Wednesday, Dec 28, 2016, 11:26 am
More U.S. Workers Have Highly Volatile, Unstable Incomes
Contributing to this inequality is the fact that while more Americans are working than at any time since August 2007, more people are working part time, erratic and unpredictable schedules—without full-time, steady employment. Since 2007, the number of Americans involuntarily working part time has increased by nearly 45 percent. More Americans than before are part of what’s considered the contingent workforce, working on-call or on-demand, and as independent contractors or self-employed freelancers, often with earnings that vary dramatically month to month.
These workers span the socioeconomic spectrum, from low-wage workers in service, retail, hospitality and restaurant jobs—and temps in industry, construction and manufacturing—to highly educated Americans working job-to-job because their professions lack fulltime employment opportunities given the structure of many information age businesses. As Andrew Stettner, Michael Cassidy and George Wentworth point out in their new report, A New Safety Net for an Era of Unstable Earnings, what all these workers have in common are highly volatile, unstable incomes and a lack of access to the traditional U.S. unemployment insurance safety net.
“The programs we have to help people are very biased toward traditional incomes,” says Stettner, senior fellow at The Century Foundation. “Volatility in earnings is a really big problem.”
“Those with the least to lose are most likely to lose it”
Published by The Century Foundation, a progressive, nonpartisan think tank, in collaboration with the National Employment Law Project (NELP), which advocates for policies that expand access to work and labor protections for low-wage workers, the report found that those in the contingent or nontraditional workforce “experience nearly twice as much earnings volatility as standard workers.”
It also found that because of this situation, between 2008 and 2013, three out of five prime earners experienced at least as much as a 50 percent drop in their month-to-month income. Half experienced month-to-month income drops of more than 100 percent.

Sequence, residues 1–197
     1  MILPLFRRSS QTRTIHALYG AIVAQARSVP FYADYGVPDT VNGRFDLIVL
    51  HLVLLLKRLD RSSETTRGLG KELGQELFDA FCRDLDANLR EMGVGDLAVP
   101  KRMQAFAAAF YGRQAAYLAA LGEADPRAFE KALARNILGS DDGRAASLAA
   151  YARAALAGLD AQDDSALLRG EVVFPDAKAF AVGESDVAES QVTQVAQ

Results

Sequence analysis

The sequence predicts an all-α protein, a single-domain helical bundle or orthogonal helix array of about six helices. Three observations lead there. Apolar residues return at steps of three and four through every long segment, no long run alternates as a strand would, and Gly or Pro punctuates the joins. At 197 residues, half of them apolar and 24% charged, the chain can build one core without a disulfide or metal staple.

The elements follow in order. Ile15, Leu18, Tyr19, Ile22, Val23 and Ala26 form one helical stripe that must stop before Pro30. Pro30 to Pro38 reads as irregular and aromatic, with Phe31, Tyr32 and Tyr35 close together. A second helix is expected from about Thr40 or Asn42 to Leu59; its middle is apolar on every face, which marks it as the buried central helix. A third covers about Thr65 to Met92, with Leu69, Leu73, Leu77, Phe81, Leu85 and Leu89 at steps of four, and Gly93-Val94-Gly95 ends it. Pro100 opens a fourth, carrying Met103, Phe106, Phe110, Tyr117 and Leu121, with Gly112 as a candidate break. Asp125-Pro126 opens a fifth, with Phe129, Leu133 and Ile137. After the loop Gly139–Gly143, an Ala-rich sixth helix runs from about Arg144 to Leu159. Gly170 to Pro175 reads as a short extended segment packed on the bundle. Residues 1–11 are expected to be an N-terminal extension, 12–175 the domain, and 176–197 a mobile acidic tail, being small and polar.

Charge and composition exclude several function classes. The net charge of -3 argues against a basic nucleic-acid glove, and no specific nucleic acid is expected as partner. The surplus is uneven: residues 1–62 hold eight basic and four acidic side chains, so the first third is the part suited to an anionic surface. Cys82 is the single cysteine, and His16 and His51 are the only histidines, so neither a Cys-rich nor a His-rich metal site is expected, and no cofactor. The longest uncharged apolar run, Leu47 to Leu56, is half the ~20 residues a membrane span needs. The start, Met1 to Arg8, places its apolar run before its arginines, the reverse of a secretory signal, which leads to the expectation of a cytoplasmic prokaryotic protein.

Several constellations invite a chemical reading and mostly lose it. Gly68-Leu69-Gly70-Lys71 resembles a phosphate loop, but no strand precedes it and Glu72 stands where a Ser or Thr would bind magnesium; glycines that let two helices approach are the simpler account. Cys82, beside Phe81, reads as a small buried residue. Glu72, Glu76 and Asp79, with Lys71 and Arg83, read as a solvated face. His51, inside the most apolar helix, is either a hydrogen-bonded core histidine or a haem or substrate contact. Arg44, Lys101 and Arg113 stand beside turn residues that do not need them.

“This broad issue of underemployment,” says NELP senior counsel George Wentworth, “there’s less of a light on it and these people are not showing up in national unemployment figures. But these workers are struggling and many of them are not making ends meet.”
Central to this problem is that most workers now employed part time are making less than what they made previously, working full time. At the same time, their part-time or independent contractor status means they are likely not eligible for a full complement—if any, in the case of self-employed freelancers—of standard employment benefits, including employer paid health insurance or any form of unemployment insurance, explains Wentworth.
As the report notes, “Those with the least to lose are most likely to lose it.”
Both Stettner and Wentworth explain that historical policy responses—and those set up to help workers laid off during the Great Recession—focus on traditional employment situations. Typical unemployment insurance is also biased against those who take up part-time or self-employment gigs while they’re looking for new full-time jobs by reducing unemployment payments. Some states have partial unemployment benefits designed for part-time workers, including those who’ve involuntarily had their hours reduced, but these vary widely. The report found that for workers whose hours are cut from full time to part time, “ten states would replace half of their lost earnings while fourteen states would provide no benefits at all.”